You can get your certification by taking classes at a community college or trade school. How long it takes to become an HVAC technician relies on the program, which is often six months to two years. Your employer may also expect NATE certification. This stands for North American Technician Excellence, this industry-leading accreditation increases your technical know-how to help you better serve customers.
Career Explorer noted that technicians who can work with tablets, electronics and troubleshooting will be in great demand as equipment becomes more technologically advanced.
Another advantage of working in HVAC is little to no educational debt.
According to Midwest Technical Institute, attending a technical or trade school often runs around $15,000. A community college often is around $5,000 annually. In comparison, the average student debt for a bachelor’s degree is $25,921.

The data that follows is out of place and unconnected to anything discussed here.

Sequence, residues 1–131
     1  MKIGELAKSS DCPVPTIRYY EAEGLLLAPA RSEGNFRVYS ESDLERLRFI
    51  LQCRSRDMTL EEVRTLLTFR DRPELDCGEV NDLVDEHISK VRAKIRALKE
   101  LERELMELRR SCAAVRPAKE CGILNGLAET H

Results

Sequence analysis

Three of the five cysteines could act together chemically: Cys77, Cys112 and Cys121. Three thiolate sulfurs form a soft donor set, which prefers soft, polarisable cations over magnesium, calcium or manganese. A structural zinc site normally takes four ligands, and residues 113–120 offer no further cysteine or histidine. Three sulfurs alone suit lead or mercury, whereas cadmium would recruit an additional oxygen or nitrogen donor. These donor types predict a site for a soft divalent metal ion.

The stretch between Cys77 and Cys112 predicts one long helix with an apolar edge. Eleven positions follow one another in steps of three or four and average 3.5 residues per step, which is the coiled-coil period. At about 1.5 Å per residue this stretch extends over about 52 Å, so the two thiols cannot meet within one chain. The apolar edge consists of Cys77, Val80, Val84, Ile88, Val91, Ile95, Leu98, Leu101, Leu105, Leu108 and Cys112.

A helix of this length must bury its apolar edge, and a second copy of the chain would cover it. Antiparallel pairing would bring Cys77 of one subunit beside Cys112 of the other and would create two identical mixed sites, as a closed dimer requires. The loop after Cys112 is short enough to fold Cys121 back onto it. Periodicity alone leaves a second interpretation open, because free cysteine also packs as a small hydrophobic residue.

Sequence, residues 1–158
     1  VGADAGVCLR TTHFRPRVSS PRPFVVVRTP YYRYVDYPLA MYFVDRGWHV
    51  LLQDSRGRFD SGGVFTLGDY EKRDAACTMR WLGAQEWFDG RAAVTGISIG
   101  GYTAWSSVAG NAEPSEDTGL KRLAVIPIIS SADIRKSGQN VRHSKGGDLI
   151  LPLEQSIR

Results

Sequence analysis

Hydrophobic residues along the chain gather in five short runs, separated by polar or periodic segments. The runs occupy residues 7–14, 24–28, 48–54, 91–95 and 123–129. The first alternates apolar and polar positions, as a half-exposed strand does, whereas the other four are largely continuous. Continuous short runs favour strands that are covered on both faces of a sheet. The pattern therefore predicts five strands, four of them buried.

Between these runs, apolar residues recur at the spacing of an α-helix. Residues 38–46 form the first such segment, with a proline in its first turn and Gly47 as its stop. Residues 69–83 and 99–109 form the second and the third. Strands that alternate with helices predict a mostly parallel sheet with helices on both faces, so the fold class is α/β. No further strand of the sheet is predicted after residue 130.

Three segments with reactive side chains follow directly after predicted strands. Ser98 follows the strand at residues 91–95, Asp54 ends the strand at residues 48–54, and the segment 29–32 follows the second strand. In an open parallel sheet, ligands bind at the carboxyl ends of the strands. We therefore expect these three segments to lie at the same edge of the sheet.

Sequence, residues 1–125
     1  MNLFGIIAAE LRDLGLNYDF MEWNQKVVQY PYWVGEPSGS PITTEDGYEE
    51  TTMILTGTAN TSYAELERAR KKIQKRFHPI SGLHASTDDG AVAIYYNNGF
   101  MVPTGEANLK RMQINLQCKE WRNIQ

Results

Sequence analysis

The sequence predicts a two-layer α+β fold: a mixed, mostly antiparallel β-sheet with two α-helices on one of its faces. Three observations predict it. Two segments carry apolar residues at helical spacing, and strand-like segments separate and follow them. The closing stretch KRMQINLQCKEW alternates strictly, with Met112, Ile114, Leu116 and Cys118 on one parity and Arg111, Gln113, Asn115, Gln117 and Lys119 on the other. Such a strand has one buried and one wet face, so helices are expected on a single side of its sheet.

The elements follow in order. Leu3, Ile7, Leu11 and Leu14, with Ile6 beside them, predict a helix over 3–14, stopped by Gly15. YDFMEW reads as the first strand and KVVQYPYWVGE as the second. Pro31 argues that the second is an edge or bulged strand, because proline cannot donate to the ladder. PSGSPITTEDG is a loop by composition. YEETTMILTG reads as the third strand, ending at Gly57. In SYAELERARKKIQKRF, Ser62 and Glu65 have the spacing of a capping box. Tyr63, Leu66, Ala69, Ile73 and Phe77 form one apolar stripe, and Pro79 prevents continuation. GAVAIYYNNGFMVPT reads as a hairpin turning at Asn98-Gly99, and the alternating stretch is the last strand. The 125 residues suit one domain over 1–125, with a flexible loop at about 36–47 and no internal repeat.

A Day in the Life of an HVAC Technician
Your work schedule could vary depending on where you work. If you work in repairs, you could work early, late or be on call. If you work in construction/home building or management, you might have more of a fixed schedule during usual business hours.
As a technician, you’ll go to different locations for repair, maintenance or installation jobs. Some jobs might require more time than others, so the number of calls you can take care of could vary.
As we talked about previously, you should be accustomed to working outdoors in extreme weather, in addition to in dirty or cramped spots. If you work in a customer-facing role, strong customer service skills are always a plus.
Average Salary for HVAC Technicians and Other HVAC Careers
Because HVAC is a fast-growing career, your salary will reflect it. The national average salary for an HVAC technician is $49,242, according to ZipRecruiter. Top earners make between $56,600 and $68,000. However, salaries might be different based on your stateand its cost of living.
In addition to running your own business, there are a wide range of extra career opportunities. These involve: